- Vertical Down-Hand
A vertical down-hand is essentially similar to the vertical up-hand, except that the torch head is held at an angle of 45 degrees to the workpiece. The torch head should be positioned about 5 cm from the bottom of the workpiece. It helps in joining thicker metal or when there is a need to cut metals such as steel and cast iron.
- Vertical Head Up
This welding position involves holding the torch at an angle of 45 degrees to the workpiece, with its nozzle approximately 5 cm from it. This position can only be used for welding thick metals requiring advanced skills. It requires extreme care because sparks can quickly jump off material, causing burns.
Advanced Welding Positions
More than the basic positions, there are many other different positions used for welding. These positions involve varying circumstances and situations and require different skills to perfect. Following are some of the most advanced welding positions
- T-Shaped Position
The T-shaped position is also known as the ‘pattern’ welded, patented by Siemens in 1892. This position requires less technical knowledge but requires more skill than any other position because it involves welding an angle or ‘T’ shape into the workpiece. This type of weld is used explicitly for steam boilers and heavy piping (such as oil refineries). This position is also known as the ‘zigzag’ weld and should be used when making welds that require a straight and smooth weld. Although it may seem difficult to master, it is effortless to perfect for those with the right skills. Some of the common welding positions that use this technique include:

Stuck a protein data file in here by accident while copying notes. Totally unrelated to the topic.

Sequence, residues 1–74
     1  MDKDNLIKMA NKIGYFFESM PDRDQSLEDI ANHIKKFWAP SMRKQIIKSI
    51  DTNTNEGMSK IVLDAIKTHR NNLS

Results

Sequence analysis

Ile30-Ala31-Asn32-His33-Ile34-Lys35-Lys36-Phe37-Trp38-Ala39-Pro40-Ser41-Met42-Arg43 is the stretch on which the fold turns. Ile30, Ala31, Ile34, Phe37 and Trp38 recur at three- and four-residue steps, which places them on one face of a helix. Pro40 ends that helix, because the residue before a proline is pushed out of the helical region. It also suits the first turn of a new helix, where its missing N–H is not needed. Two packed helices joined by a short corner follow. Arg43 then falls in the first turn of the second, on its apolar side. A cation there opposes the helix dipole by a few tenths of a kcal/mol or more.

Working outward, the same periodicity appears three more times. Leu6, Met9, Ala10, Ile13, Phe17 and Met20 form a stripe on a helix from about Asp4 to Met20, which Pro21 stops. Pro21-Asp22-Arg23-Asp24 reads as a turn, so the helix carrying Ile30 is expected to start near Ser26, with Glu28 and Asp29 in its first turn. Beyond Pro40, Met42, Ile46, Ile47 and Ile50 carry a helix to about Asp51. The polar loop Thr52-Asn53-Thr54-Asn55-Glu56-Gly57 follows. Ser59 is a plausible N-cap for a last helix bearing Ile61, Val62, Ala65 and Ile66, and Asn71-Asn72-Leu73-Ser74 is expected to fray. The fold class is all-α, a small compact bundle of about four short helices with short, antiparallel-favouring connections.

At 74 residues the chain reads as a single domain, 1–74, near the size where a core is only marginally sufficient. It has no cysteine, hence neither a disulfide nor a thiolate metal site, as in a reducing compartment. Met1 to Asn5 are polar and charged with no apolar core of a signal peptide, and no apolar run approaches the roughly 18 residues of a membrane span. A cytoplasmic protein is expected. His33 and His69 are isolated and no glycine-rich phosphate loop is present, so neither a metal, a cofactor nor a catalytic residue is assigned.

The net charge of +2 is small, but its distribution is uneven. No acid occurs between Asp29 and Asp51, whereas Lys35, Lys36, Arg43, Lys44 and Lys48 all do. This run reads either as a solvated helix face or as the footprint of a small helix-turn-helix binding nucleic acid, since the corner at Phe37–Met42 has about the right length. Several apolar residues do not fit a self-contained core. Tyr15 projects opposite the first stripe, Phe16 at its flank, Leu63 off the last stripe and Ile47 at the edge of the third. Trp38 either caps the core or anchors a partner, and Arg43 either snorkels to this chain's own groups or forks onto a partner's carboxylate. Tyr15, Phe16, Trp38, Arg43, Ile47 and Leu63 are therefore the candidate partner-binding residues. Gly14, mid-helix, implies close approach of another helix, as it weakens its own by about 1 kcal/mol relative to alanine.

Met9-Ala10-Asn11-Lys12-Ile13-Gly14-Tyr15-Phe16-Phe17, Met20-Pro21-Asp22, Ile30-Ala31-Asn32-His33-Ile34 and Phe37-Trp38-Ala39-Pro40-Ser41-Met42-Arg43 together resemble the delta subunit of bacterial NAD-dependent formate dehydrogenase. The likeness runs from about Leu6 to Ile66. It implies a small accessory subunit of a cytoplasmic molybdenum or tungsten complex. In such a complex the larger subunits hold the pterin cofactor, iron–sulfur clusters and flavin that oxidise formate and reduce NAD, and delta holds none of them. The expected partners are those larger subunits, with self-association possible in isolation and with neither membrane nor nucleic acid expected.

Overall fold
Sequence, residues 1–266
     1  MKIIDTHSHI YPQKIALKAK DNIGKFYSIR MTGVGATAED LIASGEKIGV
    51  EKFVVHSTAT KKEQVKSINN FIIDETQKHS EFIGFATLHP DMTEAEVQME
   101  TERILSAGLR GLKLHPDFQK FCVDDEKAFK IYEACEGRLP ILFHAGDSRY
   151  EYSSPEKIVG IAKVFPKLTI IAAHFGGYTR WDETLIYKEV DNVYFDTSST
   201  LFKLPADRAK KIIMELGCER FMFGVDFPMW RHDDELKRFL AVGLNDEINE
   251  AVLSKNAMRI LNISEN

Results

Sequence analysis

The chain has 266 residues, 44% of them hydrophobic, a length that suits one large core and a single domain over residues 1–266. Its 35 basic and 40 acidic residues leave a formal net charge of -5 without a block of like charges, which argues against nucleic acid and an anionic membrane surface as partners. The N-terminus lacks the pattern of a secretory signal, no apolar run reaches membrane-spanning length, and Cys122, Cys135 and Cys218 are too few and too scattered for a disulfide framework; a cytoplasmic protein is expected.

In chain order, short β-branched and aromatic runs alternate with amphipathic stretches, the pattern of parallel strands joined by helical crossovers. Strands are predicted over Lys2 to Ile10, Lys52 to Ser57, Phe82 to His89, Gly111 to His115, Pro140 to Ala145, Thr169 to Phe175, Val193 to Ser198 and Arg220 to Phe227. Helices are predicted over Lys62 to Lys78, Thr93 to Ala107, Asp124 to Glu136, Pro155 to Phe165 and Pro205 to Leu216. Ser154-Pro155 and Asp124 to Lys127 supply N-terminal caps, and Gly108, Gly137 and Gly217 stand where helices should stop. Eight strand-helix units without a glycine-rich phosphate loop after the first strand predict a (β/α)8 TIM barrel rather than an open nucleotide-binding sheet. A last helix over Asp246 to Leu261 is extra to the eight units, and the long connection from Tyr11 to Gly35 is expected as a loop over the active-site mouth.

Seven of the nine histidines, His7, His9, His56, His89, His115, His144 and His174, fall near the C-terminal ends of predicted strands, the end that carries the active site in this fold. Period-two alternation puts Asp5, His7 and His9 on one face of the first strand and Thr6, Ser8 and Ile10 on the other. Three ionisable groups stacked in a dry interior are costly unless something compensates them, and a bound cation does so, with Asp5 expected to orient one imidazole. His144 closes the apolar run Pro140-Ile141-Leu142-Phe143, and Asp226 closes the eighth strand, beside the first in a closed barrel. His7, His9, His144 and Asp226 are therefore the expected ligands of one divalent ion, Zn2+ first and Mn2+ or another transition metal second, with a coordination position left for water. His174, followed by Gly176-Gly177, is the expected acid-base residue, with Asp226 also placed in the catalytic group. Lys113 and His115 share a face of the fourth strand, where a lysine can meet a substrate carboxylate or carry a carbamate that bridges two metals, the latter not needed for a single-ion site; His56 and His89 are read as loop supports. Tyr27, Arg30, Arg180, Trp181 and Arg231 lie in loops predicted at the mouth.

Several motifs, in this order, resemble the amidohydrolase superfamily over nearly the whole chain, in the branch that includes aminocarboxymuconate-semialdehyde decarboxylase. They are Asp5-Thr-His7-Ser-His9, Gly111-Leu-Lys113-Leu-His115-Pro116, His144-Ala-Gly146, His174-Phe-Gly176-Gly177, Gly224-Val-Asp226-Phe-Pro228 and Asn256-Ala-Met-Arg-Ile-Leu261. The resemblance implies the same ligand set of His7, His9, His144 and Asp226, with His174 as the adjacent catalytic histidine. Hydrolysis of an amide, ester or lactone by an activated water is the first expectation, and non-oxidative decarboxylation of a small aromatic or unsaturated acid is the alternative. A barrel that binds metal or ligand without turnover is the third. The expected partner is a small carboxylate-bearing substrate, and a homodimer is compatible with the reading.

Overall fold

- The Star Position
The Star Position is similar to the T-shaped but doesn’t involve welding an angle or ‘T’ shape into the workpiece. It involves holding the torch at right angles to the workpiece and height. It is used when making very small welds to join small areas. Some of the common welding positions that use this technique include:
- The ‘P’ Position